And Goodwill To All Men
How to mine for business storytelling gold
You live most of your life in those days that sit ordered, unlabelled and anonymous in the calendar.
You end up making something of them because life isn’t all Christmas Day or a summer Bank Holiday weekend, birthday or anniversary. Those days when there’s nothing much to prepare or hope for, can offer the most deliciously memorable moments.
Remember that unexpected single day of October heatwave and eating your lunch outside? That day when you could still smell summer and pretend that this is how ‘Montalbano’ (minus the murders) your workaday life always is.
On those days you’re subconsciously open to whatever happiness comes your way. There’s no pre-loaded pressure to make it a ‘good one.’ And in the same way that most days approach you anonymously save for their working week/day off/weekend monikers, people come into your life defined only by what they do.
Beyond the headlines
And that should never be the end of the story but just the beginning.
Looking beyond labels and cursory descriptions, being alive to the potential beyond the headline definition of ‘accountant,’ ‘consultant’ or ‘hairdresser’ is where you’ll find the real value and interest. If you can see that in others, you’ll find it much easier to write about yourself and your business.
Because there’s always a story and then there’s always more of a story.
No one is “just” or “only” something. We all weave multiple identities, interests and duties into our everyday lives, meaning different things to different people.
Of course it all starts from necessity in childhood. Those early readers when you learn words that define people from the simple “boy” and “girl” through to “fireman” and “teacher,” make it easier for you to know your place in the world and recognise others through neat labels.
I still remember vividly that moment of betrayal felt by my middle son when he was five and saw two of his teachers walking together through the retail park, shopping bags in hand, laughing and chatting. He was totally thrown by the fact that they existed outside of the classroom, “But they should be at school,” he said, “they’re my teachers.”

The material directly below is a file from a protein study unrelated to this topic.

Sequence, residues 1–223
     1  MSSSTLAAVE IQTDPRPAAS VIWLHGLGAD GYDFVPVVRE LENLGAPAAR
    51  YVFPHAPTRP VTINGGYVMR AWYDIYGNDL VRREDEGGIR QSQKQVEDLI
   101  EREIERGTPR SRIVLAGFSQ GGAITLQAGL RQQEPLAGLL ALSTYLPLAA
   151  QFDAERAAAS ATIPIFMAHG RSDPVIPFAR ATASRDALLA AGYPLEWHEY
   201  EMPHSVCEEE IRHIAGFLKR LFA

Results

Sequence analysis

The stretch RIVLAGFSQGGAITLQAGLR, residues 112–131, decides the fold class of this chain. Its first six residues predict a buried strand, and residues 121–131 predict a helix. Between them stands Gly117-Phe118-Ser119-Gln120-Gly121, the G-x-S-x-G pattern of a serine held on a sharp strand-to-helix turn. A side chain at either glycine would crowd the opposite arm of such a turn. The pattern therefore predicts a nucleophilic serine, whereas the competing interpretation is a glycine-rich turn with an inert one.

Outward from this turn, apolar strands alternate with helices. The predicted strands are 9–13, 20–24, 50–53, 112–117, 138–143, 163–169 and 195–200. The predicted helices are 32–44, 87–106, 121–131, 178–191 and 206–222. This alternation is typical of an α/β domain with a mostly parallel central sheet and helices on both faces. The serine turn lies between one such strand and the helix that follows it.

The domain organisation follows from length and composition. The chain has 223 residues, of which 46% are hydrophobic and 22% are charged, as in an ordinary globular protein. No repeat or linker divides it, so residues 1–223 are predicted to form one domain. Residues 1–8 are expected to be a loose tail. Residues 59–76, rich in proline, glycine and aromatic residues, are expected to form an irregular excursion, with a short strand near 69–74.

He was initially dubious about my explanation of these two teachers having lives beyond the 9 to 3.30 school day. That they had children of their own, houses, lives and holidays. But in those moments they became more than just teachers – they were proper people, just like him.
Asking the right questions
And although we’re far from being wide-eyed 5 year-olds, when you’re talking about yourself while you’re out networking or writing about your business it pays to remember the back story stuff and inject some of it into your narrative.
Because finding the answers to the ‘why’ and ‘how’ questions is always more interesting (and far better at keeping the conversation going) than stopping at the bare-bone fundamentals of ‘what,’ ‘when’ and ‘who.’
Becoming open to the possibilities contained within others’ stories also helps you foster a sense of goodwill and compassion.
It was a ring with the legend “DAD” in gold capitals that pulled me up short: Many years ago when I lived in London, I was waiting in for a delivery – the driver was well over an hour late and I was becoming increasingly frustrated at my lost afternoon off. When he eventually turned up I got set to launch into an angry complaint. He apologised first though, explaining how he was running late that day as his second child had been born in the early hours.
And then I saw the ring and my frustration disappeared. In the years since, similar “DAD” moments have kept me in check.
People like us
The lesson from that small and simple long-ago experience echoes through us when we remember that a refugee is never just a refugee, a victim of crime is never just a victim. Those descriptions define particular situations, circumstances and moments in time but cannot even begin to contain whole people.
So next time you’re skimming over some facts, spare a thought for the bigger story they contain.
Finding the story
I’ll leave the last word to one of my favourite novelists, Doris Lessing.
In “Love, Again” she puts this idea of there being a myriad of possible storylines rather beautifully. Here, her main character, Sarah ponders over how much everyday words and descriptions can conceal:
“…how could she, or anyone, know?…A pause in the run of a reminiscence can stand for some monstrous quarrel. Half a dozen words as ordinary as ‘We never got on, you know’ mark implacable and decades-long hostilities. ‘I’ll always remember that summer’ or ‘We always did fancy each other’ (and a laugh) remembers the most intense passion of a life-time.”
Finding Your Story
If you’d like to talk to me about finding and communicating your story to the people you’re trying to reach, do get in touch – I’d love to hear from you!
This post was originally published in December 2015, it was updated on 28 December 2018